A voice in the darkness: how we can all speak out
One in three women around the world will be raped, beaten, coerced into sex or otherwise abused in her lifetime.
In 2006, $90.5 million was spent on medical treatment and assistance for sexual assault victims. Only $3.3 million of that was supported by state-wide victims services.
Domestic and sexual violence are silent killers in our community and in our state. It is a subject many people refuse to address or acknowledge but far too many experience.
April 8 – 14 is National Crime Victims’ Rights Week, and April is Sexual Assault Awareness Month, while Domestic Violence Awareness Month is in October.
Alexa is one of many, many survivors of domestic violence. Her story is her own, but it has similarities to many other survivors’ stories.
I want to thank Alexa for her honesty and her willingness to help others by sharing her own story.
The reason Alexa reached out to me was because she truly feels her story is an opportunity to save another life. She fears her abuser will not stop his ways. She has great concern there are other women’s lives in danger.
She wanted to speak out. She wanted to show she is a survivor. She didn’t always feel this way, but now she is using her story to empower not only herself, but others; for the victims and survivors of domestic violence who cannot speak for themselves.
Alexa had many other support systems in place throughout her cycle of abuse, and those support systems included her friends, her teachers and social workers at her school, her parents, and herself.
These support systems are crucial. As I have learned through my own experience as a domestic violence advocate, and avid supporter of spreading awareness of domestic violence and sexual assault, it is important to know that isolation from other support systems is one of the ways abusers can get the upper hand. And they use this to their advantage, especially in our small, rural communities.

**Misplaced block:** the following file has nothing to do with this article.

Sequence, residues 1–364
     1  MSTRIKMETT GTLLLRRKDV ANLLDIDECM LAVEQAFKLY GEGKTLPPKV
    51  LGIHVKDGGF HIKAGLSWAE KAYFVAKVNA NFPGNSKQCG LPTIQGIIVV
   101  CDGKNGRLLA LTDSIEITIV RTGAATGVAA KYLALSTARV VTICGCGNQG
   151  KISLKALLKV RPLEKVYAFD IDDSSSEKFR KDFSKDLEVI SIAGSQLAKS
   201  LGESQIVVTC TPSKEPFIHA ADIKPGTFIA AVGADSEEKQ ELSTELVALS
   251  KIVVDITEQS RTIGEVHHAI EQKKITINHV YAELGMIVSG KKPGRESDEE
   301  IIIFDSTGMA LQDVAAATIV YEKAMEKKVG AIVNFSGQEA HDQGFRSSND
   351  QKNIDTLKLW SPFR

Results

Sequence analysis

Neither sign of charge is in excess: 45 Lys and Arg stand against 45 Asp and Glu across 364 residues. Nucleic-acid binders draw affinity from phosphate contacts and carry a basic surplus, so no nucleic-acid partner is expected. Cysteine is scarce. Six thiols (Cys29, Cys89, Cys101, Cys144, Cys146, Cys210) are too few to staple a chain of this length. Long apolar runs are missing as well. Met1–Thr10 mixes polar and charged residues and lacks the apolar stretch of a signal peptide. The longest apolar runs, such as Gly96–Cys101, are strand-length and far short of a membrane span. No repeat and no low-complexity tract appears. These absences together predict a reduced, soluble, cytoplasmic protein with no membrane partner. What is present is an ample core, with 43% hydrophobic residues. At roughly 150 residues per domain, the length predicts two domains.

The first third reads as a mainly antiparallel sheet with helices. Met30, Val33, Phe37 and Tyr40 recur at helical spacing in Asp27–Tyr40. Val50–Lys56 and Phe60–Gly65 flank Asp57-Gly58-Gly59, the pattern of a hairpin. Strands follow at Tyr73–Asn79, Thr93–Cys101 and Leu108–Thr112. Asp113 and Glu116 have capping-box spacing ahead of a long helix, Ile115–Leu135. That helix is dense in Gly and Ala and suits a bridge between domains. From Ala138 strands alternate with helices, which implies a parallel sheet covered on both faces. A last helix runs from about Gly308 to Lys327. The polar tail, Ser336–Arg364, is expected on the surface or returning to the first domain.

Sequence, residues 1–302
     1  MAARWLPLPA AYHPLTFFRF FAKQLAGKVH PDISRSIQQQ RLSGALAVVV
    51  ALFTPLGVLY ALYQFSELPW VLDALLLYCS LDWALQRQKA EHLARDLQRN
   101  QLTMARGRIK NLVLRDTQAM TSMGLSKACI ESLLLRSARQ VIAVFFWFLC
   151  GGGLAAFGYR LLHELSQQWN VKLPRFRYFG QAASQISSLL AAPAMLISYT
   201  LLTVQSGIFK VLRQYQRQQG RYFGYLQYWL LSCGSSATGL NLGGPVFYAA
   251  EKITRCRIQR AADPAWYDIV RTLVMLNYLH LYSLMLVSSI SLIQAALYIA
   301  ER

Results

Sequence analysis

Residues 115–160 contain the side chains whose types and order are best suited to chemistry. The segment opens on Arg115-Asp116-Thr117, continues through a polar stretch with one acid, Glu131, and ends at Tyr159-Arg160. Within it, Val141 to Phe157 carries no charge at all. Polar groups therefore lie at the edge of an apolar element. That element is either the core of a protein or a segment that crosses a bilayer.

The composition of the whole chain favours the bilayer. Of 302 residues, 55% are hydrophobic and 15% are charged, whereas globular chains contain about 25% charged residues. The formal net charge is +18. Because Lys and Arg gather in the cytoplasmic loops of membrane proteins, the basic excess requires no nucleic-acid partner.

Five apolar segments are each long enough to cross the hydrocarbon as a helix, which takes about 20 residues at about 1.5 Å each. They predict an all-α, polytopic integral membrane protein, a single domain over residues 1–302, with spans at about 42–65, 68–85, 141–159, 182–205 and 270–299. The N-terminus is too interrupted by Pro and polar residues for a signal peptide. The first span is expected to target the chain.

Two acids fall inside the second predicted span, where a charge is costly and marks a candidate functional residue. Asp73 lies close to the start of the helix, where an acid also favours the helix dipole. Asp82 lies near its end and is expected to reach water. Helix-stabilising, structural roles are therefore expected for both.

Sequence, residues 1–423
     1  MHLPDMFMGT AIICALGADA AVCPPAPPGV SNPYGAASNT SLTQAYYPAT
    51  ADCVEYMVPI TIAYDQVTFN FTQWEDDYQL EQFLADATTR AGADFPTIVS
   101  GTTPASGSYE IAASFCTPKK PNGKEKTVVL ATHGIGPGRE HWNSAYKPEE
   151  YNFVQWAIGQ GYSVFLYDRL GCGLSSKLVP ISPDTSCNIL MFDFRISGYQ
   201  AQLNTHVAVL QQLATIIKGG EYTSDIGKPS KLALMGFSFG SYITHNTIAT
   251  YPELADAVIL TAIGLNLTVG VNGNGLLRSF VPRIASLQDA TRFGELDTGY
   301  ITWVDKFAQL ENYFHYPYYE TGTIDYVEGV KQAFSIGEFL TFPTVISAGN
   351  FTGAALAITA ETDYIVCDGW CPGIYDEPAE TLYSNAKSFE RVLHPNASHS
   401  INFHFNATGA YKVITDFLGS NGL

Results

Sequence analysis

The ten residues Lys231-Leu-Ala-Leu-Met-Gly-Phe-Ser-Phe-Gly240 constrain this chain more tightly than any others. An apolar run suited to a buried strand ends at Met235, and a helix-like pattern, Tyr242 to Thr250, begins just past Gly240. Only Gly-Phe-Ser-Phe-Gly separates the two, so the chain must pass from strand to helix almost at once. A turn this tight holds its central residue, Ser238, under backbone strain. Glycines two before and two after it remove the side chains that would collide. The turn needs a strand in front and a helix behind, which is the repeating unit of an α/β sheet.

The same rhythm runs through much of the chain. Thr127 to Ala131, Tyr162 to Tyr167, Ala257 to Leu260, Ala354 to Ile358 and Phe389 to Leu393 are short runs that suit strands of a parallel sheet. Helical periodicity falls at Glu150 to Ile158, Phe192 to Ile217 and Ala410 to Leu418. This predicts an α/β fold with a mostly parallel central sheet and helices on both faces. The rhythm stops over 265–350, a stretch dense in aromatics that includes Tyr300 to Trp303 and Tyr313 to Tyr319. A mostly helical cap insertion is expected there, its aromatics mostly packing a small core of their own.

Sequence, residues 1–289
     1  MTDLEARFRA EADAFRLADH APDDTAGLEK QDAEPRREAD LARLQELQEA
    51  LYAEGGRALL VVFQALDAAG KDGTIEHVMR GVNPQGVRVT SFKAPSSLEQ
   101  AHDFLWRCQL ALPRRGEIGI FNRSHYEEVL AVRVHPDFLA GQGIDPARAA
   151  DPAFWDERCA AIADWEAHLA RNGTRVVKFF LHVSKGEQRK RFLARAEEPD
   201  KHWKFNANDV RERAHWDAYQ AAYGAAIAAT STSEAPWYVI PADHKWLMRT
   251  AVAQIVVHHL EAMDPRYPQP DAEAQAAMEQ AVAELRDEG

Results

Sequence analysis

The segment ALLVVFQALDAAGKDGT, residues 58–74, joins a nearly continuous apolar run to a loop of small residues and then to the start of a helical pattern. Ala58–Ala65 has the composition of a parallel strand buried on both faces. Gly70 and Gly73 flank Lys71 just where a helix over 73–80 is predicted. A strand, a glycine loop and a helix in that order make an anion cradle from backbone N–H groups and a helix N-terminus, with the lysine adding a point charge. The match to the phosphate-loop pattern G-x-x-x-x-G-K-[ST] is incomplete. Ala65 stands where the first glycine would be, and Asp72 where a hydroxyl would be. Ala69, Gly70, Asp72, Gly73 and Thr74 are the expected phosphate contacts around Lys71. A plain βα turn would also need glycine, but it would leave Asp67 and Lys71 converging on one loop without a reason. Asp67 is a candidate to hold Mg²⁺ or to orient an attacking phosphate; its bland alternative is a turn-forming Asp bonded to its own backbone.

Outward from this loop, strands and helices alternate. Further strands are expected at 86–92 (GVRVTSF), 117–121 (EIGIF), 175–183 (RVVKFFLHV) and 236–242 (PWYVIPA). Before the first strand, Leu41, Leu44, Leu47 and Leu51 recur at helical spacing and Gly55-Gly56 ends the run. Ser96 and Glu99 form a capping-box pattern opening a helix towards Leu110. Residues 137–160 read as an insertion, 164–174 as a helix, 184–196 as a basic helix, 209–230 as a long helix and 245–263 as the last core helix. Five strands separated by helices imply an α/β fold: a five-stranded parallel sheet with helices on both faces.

For Alexa, it was her friends at school who noticed the bruises on her arm after her boyfriend physically abused her the first time.
Her friends spoke up and took Alexa to an adult who could help.
“To any bystander in a situation where you may believe abuse is happening, speak up. You have the potential to save someone’s life,” says Alexa. “If you see or hear something, speak out that is where we have the power to end domestic violence. If you are in school and your friend starts acting distant or different because of a boyfriend or a girlfriend, talk to a teacher you trust, a guidance counselor, a school social worker, parents, anybody. We have to end the cycle of abuse together.”
Alexa saw two different parental responses to her situation. She saw her own parents, who supported her in changing schools when she felt unsafe, and did what they could to protect her from her abuser.
She also saw her abuser’s parents, who she felt made excuses for his violent behavior.
There is never, ever an excuse for that kind of manipulative behavior. I am not blaming the parents of Alexa’s abuser. Repeat abusers know how to manipulate anyone to get what they want or what they need.